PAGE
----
In any other context Big Sean’s opening stanzas would be hailed as some of his best efforts, replete with intricate wordplay, vivid imagery, reflections on his tortured hometown, and just a touch of post–good kid m.A.A.d. city nostalgia. Sean’s lines read like they may have been revised after hearing what Kendrick turned in for his guest spot—because after all, who wouldn’t go back and punch up their rhymes in an attempt to avoid getting murdered on one’s own shit? The telltale section is the part where Sean says: "I'm one of the hottest because I flame drop/Drop fire, and not because I'm name dropping, Hall of Fame dropping/And I ain't takin' shit from nobody unless they're OG’s.”

Jay Elec’s closing verse has tended to fade into the background, although discerning ears like Rick Rubin’s have highlighted its lyrical richness. “I’m spittin’ this shit for closure,” the elusive MC reveals early out, adding poetic lines like “The eyelashes like umbrellas when it rains from the heart/And the tissue is like an angel kissing you in the dark.” Seeming utterly uninterested in stoking the flames of battle, Jay Electricity continues with his PBS mysteries, “tangling with Satan over history,” and dropping an “Alhamdulillah” to all fellow MCs. As one Complex commenter remarked, Jay Elec’s “an aesthetic in itself with lines of cognitive value.”

No matter which verse you prefer it’s hard to deny that “Control” will go down in history as a milestone in hip-hop, and easily ranks as one of 2013’s most important records. —Rob Kenner

9. Autre Ne Veut "Counting"

Not Available Interstitial

Album: Anxiety 
Label: Olde English Spelling Bee, Software Recording Co.
Producer: Autre Ne Veut

2013 was an incredibly exciting year for pop music. Yes, I realize someone somewhere probably says this every year, but 2013 presented a marked change in which we saw people over the age of 15 actually care about pop music and people below the dolphins-in-my-champagne-hot-tub tax bracket actually care about making it. As the Lordes and Lana Del Reys of the pop world continue to circle the Urban Outfitters clearance rack, more and more independent artists are traversing genre boundaries and realizing, hey, there's nothing wrong with music that just straight-up hits in you all the right spots.

Enter Brooklyn's Arthur Ashin, a.k.a. Autre Ne Veut, whose second album, Anxiety is a goliath of fervent, fiery pop hoisted to sustained climax by R&B, soul, and electronic reinforcements. "Counting," the first single, is a slick, slow-burn ballad that perches on dichotomy: a caressing synth track tempered with jarring, amelodic horn blasts—Ashin's guttingly vulnerable vocals juxtaposed against an almost playfully coy instrumental. This is pop music for smart people. Weird, I know. —Sasha Hecht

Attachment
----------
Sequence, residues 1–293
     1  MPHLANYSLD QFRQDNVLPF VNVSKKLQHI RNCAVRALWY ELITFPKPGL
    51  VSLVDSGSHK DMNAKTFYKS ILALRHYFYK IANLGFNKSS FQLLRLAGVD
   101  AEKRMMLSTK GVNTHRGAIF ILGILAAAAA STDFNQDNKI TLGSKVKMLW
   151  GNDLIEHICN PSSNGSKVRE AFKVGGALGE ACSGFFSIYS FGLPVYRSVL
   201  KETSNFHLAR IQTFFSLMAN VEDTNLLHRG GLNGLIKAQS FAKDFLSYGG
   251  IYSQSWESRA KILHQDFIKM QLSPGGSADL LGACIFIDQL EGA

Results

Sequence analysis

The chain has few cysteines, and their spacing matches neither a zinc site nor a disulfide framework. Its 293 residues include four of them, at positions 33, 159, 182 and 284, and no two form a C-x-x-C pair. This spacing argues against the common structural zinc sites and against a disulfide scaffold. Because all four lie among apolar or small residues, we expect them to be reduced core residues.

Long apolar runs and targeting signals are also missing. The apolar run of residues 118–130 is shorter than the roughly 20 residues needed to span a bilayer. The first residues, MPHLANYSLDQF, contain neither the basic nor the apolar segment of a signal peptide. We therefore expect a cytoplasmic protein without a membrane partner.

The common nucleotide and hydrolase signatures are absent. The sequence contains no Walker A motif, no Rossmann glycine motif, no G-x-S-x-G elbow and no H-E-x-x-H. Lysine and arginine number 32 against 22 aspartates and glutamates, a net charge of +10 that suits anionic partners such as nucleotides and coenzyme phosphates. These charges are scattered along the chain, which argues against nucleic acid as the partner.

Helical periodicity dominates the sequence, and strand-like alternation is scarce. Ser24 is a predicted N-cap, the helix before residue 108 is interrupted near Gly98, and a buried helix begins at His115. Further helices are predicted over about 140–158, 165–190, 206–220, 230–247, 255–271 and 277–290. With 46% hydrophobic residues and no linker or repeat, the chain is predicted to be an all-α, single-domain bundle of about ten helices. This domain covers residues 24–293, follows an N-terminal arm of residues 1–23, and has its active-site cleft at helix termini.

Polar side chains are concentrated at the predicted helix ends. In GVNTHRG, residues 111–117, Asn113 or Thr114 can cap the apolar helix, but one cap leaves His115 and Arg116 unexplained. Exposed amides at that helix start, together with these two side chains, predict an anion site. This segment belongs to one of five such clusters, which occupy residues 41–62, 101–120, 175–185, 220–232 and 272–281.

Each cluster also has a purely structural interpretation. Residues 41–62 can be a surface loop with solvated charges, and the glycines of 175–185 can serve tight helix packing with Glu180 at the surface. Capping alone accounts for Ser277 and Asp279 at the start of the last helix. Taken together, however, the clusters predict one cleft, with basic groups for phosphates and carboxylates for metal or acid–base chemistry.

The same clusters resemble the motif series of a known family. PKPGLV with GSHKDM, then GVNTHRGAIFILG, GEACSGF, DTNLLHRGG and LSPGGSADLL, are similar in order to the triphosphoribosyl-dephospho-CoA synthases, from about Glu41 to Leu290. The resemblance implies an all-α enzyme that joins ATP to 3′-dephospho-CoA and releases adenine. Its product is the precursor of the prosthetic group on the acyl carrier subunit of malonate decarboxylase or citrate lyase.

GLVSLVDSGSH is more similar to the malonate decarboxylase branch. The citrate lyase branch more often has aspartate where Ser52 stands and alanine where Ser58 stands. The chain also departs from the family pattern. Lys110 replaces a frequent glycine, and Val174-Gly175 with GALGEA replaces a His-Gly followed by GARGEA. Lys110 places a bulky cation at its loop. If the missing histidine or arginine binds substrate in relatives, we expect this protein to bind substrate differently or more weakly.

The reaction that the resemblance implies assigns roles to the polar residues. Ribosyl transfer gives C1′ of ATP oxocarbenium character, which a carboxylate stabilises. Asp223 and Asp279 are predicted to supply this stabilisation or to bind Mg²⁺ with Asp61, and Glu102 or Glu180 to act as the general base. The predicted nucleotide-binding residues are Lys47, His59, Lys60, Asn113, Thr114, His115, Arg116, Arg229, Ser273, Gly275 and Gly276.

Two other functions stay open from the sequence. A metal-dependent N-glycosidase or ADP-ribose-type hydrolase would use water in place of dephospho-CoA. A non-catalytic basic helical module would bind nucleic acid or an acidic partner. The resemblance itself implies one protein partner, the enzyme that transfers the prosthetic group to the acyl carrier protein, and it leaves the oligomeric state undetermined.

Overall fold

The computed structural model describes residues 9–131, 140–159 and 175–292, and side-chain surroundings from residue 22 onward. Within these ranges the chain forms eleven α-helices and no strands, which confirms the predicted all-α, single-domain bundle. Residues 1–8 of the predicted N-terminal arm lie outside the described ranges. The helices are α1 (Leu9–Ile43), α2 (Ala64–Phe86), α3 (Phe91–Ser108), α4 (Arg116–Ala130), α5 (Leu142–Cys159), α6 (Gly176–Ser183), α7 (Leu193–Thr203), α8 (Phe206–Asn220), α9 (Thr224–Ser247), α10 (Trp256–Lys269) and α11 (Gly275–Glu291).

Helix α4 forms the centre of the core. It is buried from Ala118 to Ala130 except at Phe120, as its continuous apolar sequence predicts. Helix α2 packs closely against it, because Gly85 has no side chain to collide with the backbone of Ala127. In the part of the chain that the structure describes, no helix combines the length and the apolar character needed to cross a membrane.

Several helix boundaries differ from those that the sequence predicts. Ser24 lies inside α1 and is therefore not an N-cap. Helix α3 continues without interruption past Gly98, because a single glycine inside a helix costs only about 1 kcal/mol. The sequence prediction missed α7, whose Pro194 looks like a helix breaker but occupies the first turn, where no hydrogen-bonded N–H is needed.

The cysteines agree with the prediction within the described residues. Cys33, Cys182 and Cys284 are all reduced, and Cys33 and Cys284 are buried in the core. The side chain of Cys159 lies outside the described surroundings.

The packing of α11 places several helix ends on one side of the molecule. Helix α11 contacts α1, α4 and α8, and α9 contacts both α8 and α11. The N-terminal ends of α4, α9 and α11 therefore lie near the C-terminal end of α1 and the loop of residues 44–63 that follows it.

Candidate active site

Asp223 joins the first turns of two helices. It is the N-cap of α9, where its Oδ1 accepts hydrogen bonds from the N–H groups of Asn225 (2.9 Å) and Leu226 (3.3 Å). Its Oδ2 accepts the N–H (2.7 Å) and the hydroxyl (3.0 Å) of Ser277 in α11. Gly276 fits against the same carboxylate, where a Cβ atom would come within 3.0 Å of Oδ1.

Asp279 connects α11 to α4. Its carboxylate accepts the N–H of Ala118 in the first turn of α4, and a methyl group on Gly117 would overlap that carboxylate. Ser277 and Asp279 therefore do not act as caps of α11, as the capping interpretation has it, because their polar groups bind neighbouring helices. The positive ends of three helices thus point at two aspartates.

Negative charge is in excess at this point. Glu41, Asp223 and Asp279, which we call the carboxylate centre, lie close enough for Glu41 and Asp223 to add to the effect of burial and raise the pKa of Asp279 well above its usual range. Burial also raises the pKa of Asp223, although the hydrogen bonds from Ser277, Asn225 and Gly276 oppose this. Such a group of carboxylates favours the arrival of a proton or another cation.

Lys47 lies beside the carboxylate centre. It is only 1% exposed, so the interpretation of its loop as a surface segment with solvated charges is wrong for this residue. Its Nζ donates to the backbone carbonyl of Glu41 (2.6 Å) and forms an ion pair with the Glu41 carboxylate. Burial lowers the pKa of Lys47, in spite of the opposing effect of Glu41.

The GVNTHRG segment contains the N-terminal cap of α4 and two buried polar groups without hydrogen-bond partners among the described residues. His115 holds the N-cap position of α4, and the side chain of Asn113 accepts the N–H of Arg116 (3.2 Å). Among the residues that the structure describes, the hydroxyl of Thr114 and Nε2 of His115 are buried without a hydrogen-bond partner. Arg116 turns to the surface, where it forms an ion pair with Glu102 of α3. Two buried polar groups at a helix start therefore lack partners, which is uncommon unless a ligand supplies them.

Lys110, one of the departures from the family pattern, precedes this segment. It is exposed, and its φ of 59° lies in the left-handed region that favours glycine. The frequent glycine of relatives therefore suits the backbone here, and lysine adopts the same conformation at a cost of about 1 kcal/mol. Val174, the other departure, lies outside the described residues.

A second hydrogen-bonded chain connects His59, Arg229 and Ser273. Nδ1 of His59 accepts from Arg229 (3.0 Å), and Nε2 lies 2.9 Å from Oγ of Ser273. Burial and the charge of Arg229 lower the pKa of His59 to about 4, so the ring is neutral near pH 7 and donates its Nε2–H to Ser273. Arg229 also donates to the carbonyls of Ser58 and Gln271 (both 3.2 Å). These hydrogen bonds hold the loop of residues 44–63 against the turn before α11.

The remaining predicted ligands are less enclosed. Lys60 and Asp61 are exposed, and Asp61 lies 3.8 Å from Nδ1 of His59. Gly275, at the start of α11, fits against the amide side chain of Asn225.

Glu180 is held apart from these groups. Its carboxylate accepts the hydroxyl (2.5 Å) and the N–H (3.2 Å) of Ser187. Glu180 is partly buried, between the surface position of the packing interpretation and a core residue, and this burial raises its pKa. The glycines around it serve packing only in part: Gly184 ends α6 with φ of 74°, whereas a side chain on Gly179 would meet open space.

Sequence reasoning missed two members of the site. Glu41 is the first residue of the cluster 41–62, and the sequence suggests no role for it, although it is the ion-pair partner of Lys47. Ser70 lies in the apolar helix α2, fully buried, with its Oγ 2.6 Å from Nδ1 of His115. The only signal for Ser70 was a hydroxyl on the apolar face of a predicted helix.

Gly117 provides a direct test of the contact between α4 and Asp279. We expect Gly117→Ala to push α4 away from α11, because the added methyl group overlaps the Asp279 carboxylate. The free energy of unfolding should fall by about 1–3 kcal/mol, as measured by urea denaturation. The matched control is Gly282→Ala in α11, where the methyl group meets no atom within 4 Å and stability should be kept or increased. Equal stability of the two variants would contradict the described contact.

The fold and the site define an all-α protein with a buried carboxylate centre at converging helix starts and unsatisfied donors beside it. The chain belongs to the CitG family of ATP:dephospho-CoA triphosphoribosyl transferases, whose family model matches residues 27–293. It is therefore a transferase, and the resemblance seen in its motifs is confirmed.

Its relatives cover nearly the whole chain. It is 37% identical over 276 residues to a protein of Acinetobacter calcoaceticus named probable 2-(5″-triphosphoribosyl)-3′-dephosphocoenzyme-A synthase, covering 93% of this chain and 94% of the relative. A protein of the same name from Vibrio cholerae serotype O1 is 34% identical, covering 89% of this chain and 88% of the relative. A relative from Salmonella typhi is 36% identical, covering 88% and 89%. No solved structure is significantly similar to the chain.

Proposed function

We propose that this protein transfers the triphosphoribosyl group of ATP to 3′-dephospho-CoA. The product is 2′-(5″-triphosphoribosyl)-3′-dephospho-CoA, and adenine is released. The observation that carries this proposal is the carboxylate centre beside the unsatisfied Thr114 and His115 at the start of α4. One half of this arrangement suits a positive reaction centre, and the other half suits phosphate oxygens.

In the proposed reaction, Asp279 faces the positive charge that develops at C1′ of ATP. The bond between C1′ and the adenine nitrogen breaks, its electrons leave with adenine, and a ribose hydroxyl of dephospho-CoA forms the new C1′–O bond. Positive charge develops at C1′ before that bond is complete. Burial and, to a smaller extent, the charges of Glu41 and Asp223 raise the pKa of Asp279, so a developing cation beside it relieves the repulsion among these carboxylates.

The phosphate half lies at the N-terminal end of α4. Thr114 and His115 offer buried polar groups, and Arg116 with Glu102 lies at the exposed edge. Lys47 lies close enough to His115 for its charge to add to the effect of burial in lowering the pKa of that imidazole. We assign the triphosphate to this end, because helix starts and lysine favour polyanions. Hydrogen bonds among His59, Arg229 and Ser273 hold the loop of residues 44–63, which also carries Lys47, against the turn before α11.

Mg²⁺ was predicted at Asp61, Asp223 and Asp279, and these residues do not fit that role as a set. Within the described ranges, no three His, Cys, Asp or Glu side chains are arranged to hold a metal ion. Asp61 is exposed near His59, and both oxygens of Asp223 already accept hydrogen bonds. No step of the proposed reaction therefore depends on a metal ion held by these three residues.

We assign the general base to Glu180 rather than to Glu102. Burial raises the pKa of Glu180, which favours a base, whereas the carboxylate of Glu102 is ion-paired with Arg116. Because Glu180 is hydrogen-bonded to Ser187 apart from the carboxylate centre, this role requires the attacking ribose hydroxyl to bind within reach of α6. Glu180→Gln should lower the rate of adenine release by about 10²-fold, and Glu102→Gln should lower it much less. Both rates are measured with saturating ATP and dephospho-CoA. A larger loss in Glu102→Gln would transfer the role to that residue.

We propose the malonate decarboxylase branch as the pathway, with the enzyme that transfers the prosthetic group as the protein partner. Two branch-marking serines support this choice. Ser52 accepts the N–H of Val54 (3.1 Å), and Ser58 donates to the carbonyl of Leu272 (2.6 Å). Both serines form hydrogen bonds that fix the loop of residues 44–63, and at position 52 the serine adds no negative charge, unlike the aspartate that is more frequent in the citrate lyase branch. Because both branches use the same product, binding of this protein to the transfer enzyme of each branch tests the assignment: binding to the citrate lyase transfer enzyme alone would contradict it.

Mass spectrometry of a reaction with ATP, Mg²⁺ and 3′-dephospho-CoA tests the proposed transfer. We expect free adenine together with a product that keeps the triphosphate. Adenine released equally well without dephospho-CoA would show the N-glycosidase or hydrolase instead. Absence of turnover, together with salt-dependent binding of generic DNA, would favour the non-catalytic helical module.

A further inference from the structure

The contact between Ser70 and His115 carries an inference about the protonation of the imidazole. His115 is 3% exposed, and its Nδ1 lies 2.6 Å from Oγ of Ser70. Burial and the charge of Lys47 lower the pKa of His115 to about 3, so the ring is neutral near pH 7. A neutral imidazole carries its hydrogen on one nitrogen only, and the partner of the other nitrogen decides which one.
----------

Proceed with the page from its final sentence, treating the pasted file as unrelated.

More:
8. J. Cole f/ Miguel "Power Trip"

Not Available Interstitial

7. Daft Punk f/ Pharrell Williams "Get Lucky"

Not Available Interstitial

6. Rich Homie Quan "Type of Way"

Not Available Interstitial

5. Haim "The Wire"

Not Available Interstitial

4. Migos f/ Drake, Meek Mill, & Tyga "Versace"

Not Available Interstitial

Album: Young Rich Niggas
Label: CTE World, Def Jam
Producer: Zaytoven

In a post-Memorial Day period devoid of any real rap anthems, Atlanta trio Migos formed an unlikely partnership with Drake for a remix of their quirky ode to high fashion, "Versace." The addition of the Toronto rapper took the song from the underground to the world stage, ingraining every facet of the culture with its infectious hook, from Facebook statuses to Twitter memes.

Drake stepped in and stole the show, appropriating the song's flow for a verse that breaks the fourth wall of stunting—predicting (inaccurately, as it turns out) that his then-upcoming Nothing Was the Same album would break a million in first-week sales and boasting that his backyard looks like Metropolis.

This isn't to sell short the contributions of the Migos guys themselves. They invented the flow, after all—as well as all those ad-libs that had partygoers reciting along all summer. ("Damn, I look good!")  —Justin Davis

3. A$AP Ferg f/ A$AP Rocky "Shabba"

Not Available Interstitial

2. Drake "Started From The Bottom"

Not Available Interstitial

1. Kanye West "New Slaves"

Not Available Interstitial

Album: Yeezus 
Label: Roc-A-Fella, Def Jam
Producer: Ben Bronfman, Che Pope, Kanye West, Mike Dean, Noah Goldstein, Sham Joseph & Travis Scott

What was the most stunning musical moment of the year?

I will tell you: it was in May, when Kanye West performed two news songs on Saturday Night Live.

As soon as you saw the stage set—dark figures silluetted against a spotlight backdrop with political pop art slogans flashing—you knew this was something very different, very new. "Black Skinheads" was great, but it was the second song he played that leapt out as the instant classic. Those staccato stabs of sound, as much rhythm as melody, without any drums. Gothic, synth rock, but with Kanye’s rapping—all panting Panther anger and pain with a thick gold rope around his neck—translating it into something earthier and raw, something we recognize as hip-hop.

Remember the first time you heard Dre and Snoop’s “Deep Cover?” Those four bass notes? That’s what I thought of first. Paranoid defiance. But this was higher-minded, more ambitious, and aimed at a different audience. (I remembered Kanye's last SNL performance, the ballet.) Kanye is making something much less insular than Dre and Snoop were, trying to shock and impress everybody at the same time. I was impressed. (Needless to say.) And I felt like I got a glimpse of the future, and our place in it. Something about a naked body inside a machine, pushing at the walls.

Plenty of artists sold more records than Kanye West in 2013. No one did anything near to as artistically powerful. "New Slaves" is the best song of the year. And it's not even close. —Dave Bry

Latest in Music